Jaap Bakema and the Open Society. Architecture, Democracy and the Welfare State
On the occasion of the 14th Biennale in Venice in 2014 the Netherlands presented Dutch architect Jaap Bakema (1914-1981), and his idea of architecture designed for democratic and egalitarian society. The exhibition in question, curated by Dirk Van den Heuvel, was a starting point for the first monograph on Bakema – Jaap Bakema and the Open Society – launched in March 2018. After recent presentations in Prague and at the Venice Biennale, Oris House of Architecture, together with the Institute of Art History is proud to announce Dirk van den Heuvel’s lecture and the presentation of the book in question, which is set to happen on Monday, 18 June 2018, at 7 pm.
By advocating lifestyle diversity as a point of departure of urban planning, Bakema took the role of opposition within the International Congress of Modern Architecture (CIAM). Already in 1947, the architect determinately presented the young currents within Dutch architecture at the opening of 1947 reunion conference in Bridgwater. At the Otterlo conference, Bakema introduced the subject of the open society to the circles of CIAM and Team 10. The architect would continue the conversation on the subject throughout his lifetime, especially in his international exchanges with colleagues in the USA and Japan. To Bakema, the open society implied a social project of change, contestation and communication. It was to be built on comprehensive welfare state arrangements between government bodies, citizens and the industry. At the same time, he envisaged a modernized Netherlands as the open society par excellence. However, in the early 1970s when the welfare state redistribution system seemed to be fully established, a new wave of radical democratization and economic change drastically impacted Dutch society, and Bakema’s project for the new integration of architecture and regional planning lost its momentum.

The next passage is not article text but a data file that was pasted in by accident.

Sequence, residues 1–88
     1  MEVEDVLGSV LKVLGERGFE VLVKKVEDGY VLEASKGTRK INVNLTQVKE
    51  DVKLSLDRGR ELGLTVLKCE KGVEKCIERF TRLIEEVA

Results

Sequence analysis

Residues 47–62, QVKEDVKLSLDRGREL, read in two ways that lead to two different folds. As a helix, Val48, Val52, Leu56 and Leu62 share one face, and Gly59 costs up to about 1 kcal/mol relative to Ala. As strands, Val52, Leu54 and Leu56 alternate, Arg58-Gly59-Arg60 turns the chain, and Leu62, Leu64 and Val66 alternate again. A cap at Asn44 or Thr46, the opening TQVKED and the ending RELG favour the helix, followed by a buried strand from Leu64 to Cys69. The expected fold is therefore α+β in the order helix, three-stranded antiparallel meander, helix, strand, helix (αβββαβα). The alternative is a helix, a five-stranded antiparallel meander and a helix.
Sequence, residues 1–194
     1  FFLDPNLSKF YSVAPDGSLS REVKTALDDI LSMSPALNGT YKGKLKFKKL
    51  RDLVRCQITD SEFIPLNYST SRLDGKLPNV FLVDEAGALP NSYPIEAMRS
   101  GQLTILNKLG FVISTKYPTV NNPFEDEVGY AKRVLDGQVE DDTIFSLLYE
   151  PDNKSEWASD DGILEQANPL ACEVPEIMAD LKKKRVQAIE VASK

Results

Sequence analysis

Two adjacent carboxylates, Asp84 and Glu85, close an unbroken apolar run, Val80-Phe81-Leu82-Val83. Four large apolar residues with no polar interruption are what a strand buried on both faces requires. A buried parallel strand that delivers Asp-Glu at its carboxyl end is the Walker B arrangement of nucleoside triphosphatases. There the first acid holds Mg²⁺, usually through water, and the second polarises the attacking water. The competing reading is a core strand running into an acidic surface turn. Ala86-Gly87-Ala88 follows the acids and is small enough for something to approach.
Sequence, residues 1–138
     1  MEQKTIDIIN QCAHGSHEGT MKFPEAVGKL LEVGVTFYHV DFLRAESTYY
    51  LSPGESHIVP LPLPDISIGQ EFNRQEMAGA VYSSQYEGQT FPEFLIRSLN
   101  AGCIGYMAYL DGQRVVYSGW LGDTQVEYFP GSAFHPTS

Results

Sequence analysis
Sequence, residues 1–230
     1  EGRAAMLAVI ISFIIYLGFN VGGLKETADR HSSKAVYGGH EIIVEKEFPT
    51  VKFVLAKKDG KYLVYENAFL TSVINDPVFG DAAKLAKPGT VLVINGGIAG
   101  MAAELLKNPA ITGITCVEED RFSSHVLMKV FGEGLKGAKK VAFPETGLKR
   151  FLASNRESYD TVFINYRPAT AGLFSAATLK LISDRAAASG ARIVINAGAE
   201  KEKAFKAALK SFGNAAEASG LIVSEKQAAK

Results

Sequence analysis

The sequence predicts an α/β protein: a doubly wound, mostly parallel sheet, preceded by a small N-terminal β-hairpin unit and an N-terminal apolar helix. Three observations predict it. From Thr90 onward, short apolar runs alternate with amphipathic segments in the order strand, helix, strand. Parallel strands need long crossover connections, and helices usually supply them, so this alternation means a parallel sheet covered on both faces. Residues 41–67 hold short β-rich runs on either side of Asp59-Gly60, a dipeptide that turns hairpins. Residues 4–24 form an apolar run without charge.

Dirk van den Heuvel’s lecture on Bakema will also be an opportunity to recall Bakema’s many connections to former Yugoslavia and Croatia. To name one, Radovan Nikšić, an architect of the Workers’ University in Zagreb, worked in the Van den Broek and Bakema’s office in 1956 and attended Otterlo’s meeting. Bakema was also engaged in the UN competition for the rebuilding of Skopje in 1965, a key moment in the global exchanges between modernist architects during the period of Cold War. On his way to Skopje, Bakema stopped in Zagreb and delivered two lectures at the Faculty of Architecture.
Dirk van den Heuvel
Dirk van den Heuvel is an Associate Professor at TU Delft and heads the Jaap Bakema Study Centre at Het Nieuwe Instituut in Rotterdam. His publications include the books: Jaap Bakema and the Open Society, Architecture and the Welfare State, Team 10, In Search of a Utopia of the Present 1953-1981 and Alison and Peter Smithson: From the House of the Future to a House of Today. He is an editor of the publication series DASH. Delft Architectural Studies on Housing as well as of the online journal for architectural theory Footprint. He was also an editor of the Dutch journal for architecture Oase. Van den Heuvel received a Richard Rogers Fellowship from Harvard University in 2017. He was the curator of the Dutch national pavilion for the 14th International Architecture Exhibition at the Biennale di Venezia in 2014 Fundamentals.